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Intelligence in early adulthood and subsequent risk of unintentional injury over two decades: cohort study of 1,109,475 Swedish men
  1. Elise Whitley1,*,
  2. George D Batty1,
  3. Catharine R Gale2,
  4. Ian R Deary3,
  5. Per Tynelius4,
  6. Finn Rasmussen4
  1. 1 University of Glasgow, United Kingdom;
  2. 2 University of Southampton, United Kingdom;
  3. 3 University of Edinburgh, United Kingdom;
  4. 4 Karolinska Institute, Sweden
  1. Correspondence to: Elise Whitley, MRC Social & Public Health Sciences Unit, University of Glasgow, 4 Lilybank Gardens, Glasgow, G12 8RZ, United Kingdom; elise.whitley{at}


Background: There is growing evidence of an inverse association between intelligence (IQ) and unintentional injuries.

Methods: Analyses are based on a cohort of 1,109,475 Swedish men with IQ measured in early adulthood. Men were followed-up for an average 24 years and hospital admissions for unintentional injury were recorded.

Results: 198,133 (17.9%) men had at least one hospital admission for any unintentional injury during follow-up. The most common cause of unintentional injury was falling, followed by road accidents, poisoning, fire and drowning. In addition, 14,637 (1.3%) men had at least one admission for complications of medical care. After adjusting for confounding variables, lower IQ scores were associated with an elevated risk of any unintentional injury (Hazard ratio (95% confidence interval) per standard deviation decrease in IQ: 1.15 (1.14, 1.15)), and of cause-specific injuries other than drowning (poisoning (1.53 (1.49, 1.57)), fire (1.36 (1.31, 1.41)), road traffic accidents (1.25 (1.23, 1.26)), medical complications (1.20 (1.18, 1.22)), and falling (1.17 (1.16, 1.18)). These gradients were stepwise across the full IQ range.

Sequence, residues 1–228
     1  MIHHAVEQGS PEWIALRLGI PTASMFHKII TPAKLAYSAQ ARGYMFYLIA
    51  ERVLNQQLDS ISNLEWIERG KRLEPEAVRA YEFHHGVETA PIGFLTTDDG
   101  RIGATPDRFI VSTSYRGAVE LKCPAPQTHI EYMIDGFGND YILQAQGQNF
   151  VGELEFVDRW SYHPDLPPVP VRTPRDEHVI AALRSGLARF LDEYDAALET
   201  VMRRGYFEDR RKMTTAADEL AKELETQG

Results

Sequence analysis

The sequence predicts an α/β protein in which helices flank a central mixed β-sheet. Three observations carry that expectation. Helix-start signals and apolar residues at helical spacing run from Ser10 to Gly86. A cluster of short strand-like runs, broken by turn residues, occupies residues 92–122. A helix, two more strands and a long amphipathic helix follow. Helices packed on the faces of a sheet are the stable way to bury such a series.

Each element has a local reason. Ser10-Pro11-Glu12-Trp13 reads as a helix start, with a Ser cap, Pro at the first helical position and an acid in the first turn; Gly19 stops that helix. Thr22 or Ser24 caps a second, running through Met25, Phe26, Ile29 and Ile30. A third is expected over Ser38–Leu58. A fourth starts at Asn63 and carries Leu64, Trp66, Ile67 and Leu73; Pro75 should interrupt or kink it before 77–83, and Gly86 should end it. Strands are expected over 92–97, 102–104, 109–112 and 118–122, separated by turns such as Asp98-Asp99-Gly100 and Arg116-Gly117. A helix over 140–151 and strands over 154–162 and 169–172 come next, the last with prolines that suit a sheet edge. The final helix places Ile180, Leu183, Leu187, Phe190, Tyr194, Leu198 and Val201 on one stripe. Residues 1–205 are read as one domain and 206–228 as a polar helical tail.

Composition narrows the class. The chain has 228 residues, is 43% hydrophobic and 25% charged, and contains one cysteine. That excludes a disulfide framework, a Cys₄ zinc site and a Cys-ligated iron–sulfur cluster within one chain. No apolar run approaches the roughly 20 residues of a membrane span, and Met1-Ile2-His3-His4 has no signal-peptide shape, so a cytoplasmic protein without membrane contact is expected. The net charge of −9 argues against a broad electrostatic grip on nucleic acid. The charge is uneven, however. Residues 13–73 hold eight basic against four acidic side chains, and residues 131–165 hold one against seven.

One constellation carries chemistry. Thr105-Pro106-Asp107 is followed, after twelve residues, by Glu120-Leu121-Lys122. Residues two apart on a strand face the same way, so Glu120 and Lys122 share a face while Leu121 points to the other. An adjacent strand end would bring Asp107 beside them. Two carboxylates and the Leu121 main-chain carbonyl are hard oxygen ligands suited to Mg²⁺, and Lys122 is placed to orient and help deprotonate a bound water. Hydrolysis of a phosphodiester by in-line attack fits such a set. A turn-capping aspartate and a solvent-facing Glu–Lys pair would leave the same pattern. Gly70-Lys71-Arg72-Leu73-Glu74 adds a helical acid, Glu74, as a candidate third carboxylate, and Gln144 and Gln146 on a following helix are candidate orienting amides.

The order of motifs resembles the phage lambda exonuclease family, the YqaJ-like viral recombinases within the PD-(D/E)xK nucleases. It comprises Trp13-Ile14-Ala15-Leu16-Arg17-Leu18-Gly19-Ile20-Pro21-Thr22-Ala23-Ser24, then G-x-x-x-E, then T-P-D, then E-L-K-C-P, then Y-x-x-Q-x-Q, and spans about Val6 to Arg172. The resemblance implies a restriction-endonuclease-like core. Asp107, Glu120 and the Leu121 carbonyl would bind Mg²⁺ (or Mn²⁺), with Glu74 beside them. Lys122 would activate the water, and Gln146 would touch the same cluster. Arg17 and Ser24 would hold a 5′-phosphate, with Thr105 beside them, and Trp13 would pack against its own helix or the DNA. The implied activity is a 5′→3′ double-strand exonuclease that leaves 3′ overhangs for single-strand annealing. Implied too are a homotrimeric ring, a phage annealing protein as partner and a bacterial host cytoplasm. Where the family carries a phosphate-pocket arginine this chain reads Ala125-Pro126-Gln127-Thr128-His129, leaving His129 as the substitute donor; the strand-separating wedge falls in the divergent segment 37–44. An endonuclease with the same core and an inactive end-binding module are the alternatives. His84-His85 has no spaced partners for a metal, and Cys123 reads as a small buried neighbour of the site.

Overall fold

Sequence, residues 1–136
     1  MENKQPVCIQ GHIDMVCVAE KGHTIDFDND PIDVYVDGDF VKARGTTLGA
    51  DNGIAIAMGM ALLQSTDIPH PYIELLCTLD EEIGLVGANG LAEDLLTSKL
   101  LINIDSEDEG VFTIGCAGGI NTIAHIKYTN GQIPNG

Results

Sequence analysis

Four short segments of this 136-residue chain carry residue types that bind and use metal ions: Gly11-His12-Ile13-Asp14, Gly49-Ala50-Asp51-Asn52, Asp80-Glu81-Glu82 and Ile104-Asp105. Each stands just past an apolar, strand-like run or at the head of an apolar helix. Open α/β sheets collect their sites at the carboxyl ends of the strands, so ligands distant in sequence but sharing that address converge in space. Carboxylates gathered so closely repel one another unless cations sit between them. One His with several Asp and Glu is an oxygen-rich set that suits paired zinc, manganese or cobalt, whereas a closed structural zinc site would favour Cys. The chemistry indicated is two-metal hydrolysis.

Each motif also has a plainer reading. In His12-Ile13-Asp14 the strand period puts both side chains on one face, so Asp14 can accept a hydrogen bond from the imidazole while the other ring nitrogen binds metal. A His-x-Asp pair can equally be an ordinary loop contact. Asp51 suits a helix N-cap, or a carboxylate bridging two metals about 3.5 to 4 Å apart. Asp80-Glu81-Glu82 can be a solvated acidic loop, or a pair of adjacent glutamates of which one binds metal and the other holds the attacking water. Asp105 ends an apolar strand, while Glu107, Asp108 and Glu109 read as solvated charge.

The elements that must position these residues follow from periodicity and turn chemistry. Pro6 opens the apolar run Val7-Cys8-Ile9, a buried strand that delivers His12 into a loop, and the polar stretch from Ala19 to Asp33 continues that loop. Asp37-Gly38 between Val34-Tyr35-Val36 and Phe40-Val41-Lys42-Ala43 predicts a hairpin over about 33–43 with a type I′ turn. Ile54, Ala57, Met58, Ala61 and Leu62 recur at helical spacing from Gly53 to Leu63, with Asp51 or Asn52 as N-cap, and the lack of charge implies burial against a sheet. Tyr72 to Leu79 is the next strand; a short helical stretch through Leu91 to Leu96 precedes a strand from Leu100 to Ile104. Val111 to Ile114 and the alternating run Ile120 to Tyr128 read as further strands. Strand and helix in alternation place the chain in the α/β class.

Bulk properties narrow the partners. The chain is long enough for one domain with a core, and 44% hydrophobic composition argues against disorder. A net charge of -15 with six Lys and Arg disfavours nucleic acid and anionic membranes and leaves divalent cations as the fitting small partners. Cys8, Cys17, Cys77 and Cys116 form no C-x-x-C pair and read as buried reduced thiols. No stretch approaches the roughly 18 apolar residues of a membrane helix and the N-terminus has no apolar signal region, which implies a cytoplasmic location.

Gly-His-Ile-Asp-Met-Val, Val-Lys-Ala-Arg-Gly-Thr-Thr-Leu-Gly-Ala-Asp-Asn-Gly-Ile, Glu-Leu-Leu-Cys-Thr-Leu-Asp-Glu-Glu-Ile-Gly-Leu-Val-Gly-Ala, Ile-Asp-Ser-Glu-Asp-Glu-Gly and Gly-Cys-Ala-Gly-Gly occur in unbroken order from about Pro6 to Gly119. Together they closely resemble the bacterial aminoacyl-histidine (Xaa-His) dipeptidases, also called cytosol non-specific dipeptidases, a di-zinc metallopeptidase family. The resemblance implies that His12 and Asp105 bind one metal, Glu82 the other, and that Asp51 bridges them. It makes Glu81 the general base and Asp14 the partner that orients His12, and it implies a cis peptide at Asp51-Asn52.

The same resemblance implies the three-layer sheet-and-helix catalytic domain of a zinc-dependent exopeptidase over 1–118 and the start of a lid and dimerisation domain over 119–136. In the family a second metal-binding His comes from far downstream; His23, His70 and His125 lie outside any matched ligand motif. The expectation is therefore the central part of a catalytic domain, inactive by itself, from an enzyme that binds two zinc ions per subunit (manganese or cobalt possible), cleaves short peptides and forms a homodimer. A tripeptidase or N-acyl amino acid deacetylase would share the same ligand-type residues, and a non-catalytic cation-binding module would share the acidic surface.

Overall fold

Conclusions: Low IQ scores in early adulthood were associated with a subsequently increased risk of unintentional injury. A greater understanding of mechanisms underlying these associations may provide opportunities and strategies for prevention.

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